How To Drink Gin?
Gin has remained one of the most popular alcoholic drinks for almost a decade now. There is no end in sight to the hype or the so called renaissance. On the contrary – more and more different brands, bottles and flavours are entering the market. As a result, the juniper based spirit is also reaching people who normally are not really into alcoholic beverages. And so the simple question often arises: How do you actually drink gin?
As trivial as this question may sound to some people, the answer can be very diverse. This is why we would like to share the seven most popular ways to drink gin with you:
- Drinking gin neat
- Drinking gin as a longdrink: Gin & Tonic | Munich Mule
- Mixing gin cocktails
- Gin tastings
- Drinking gin in a bar
- Drinking gin with or without ice
- Drinking gin with friends
1. Drinking gin neat
As good gin often contains many different herbs and spices, so-called botanicals. These botanicls are what ultimatly make up the taste of the gin. In the case of our classic THE DUKE Munich Dry Gin, we use 13 botinicals, to create our Wanderlust gin we use 20. Even a trained palate is usually not able to taste all these different aromas. So if you want to absorb as much of the gin’s aromatic sectrum as possible, you should not mix it with additional flavours such as tonic water. When drunk neat, there is alot for your taste buds to discover.
As with other spirits the following also applies to gin: the intensity of taste and smell is reduced when chilled. So if you want as much flavour as possible ist is best to taste it neat at room temperature. When ice-cooled or on ice, distillates are often more digestible, as the palate and nose are not so overwhelmed. The taste of alcohol is also reduced the colder the gin is drunk.
The correct glass
The choice of glass used to drink gin neat also plays an important role. A reason for this is, that a large part of the flavour is absorbed through the nose. That is why the glasses usually used for pure tasting are also called “nosing glasses”. In the rounded, goblet-shaped glasses, the gin can “breath” and best develope its aroma. However as the “nosing glass” is narrower towards the top, it does not let the gin evaporate quickly. Other glasses that have a similar shape auch as cognac snifters, are also well suited for drinking gin neat.
2. Drinking gin as a longdrink: Gin & Tonic | Munich Mule
Undountedly the most popular way to drink gin is a classic longdrink – and first and foremost the gin & tonic. A long drink generally describes a simple cocktail variant consisting of a spirit and a filler. For a classic gin & tonic approx. 4-6cl of gin (the spirit) is poured into a long drink glass filled with ice and topped up with tonic water (the filler). The drink often has a garnish, like an orange zest for an example.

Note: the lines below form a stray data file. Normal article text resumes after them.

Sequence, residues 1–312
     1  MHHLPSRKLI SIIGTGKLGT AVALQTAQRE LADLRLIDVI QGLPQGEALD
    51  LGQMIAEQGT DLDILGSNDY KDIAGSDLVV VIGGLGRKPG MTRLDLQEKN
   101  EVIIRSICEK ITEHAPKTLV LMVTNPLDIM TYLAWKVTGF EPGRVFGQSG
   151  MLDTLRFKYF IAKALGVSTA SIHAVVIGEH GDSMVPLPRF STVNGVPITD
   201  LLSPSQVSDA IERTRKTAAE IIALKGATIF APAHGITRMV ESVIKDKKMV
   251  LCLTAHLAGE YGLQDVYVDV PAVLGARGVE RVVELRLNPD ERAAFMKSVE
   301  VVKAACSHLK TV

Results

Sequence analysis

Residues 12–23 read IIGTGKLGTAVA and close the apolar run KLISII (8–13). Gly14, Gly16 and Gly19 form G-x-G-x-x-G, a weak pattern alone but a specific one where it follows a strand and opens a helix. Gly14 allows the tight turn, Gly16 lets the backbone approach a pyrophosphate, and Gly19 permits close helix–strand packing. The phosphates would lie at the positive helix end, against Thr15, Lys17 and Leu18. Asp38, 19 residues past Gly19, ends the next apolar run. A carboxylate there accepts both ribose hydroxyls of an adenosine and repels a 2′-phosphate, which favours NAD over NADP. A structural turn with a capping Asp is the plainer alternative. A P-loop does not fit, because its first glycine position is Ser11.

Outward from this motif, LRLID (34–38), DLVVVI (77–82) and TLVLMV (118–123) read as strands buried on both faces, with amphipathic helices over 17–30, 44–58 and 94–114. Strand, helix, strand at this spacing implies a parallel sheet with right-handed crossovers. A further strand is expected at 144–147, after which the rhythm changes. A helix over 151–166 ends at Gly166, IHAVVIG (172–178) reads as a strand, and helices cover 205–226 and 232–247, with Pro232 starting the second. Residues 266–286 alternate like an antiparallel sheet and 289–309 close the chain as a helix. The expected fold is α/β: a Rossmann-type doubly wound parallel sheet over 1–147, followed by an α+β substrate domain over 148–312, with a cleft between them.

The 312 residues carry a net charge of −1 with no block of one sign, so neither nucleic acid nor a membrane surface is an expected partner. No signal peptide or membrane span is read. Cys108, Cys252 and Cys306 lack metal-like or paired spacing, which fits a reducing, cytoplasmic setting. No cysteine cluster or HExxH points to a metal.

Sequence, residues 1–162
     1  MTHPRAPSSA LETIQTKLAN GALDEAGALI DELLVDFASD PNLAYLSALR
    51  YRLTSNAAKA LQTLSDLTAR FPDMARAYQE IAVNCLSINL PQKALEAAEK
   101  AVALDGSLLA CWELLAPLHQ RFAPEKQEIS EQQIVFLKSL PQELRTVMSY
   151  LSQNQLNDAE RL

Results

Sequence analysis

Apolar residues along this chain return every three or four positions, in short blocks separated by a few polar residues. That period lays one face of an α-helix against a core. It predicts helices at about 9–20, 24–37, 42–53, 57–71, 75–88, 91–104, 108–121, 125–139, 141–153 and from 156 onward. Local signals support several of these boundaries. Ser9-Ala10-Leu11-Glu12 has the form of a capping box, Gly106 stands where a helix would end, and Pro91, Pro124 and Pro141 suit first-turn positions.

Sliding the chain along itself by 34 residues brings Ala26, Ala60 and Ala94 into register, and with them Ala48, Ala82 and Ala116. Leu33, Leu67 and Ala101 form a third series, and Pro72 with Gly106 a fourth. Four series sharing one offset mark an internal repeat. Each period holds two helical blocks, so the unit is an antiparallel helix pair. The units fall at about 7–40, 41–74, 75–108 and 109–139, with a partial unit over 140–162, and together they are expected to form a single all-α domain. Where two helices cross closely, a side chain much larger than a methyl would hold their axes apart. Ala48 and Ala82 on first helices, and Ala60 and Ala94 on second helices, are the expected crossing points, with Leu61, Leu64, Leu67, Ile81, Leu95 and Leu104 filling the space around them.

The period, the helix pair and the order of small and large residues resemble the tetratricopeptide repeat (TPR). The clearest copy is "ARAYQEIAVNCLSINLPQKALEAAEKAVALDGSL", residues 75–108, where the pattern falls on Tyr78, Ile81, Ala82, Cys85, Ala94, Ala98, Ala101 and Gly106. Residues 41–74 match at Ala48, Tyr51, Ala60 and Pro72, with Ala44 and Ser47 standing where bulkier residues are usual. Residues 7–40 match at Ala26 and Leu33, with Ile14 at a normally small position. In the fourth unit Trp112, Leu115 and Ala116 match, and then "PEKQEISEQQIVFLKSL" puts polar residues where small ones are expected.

Another very popular long drink made with gin is the Munich Mule, a variation of the Moscow Mule created by THE DUKE Gin from Munich. For this drink the vodka from the Moscow Mule is simply replaced by gin. The filler used in both long drinks is ginger beer. In addition, 2 cl lime juice can be added to the drink. The classic garnish is a slice of cucumber and a lime wedge or slice.
An important factor for the perfect long drink are the ice cubes. They should not be too small (no crushed ice) and above all you should always use enough ice cubes. It is a common misconception that a drink with a lot of ice will become watered down quicker. A lot of ice in the glass cools the drink down quickly and keeps it cool for a long time. One or two small ice cubes on the other hand melt alot quicker and water down the drink much faster.
The question of the right garnish also often arises when mixing gin & tonic. Here, you should always make sure that the taste of the drink is not changed too much, but that the flavours already present in the gin are underlined. For gins distilled with citrus fruits or peel, for example, an orange or lemon zest is a good choice. For herbal gins, a sprig of rosemary or thyme is often added to the glass. With its strong flavour, cucumber generally overpowers the often delicate aromas of the gin & tonic and should therefore only be used as a garnish by self-confessed cucumber lovers or for gins distilled with cucumber.
By the way, you can also find five tips for the perfect gin and tonic here: THE DUKE Gin & Tonic Recipe.
In addition to the classic Gin & Tonic and the Munich Mule, there are countless other long drinks and long drink variations for drinking gin. This is thanks to the increasing selection of fillers. You can find a selection of perfect long drink bundles with our gin’s in our online shop. Ready-mixed long drinks in can’s are also available with THE DUKE Gin and LION’s Vodka.
The correct glass
You can use different glasses for long drinks – the most common are so-called highball glasses or tumblers. It is important that they have enough capacity for gin, ice cubes and filler. The silhouette of classic long drink glass is usually straight or slightly wider towards the top. Goblets, similar to a large red wine glass, are also popular for gin and tonic, often in combination with a large round ice cube.
3. Mixing gin cocktails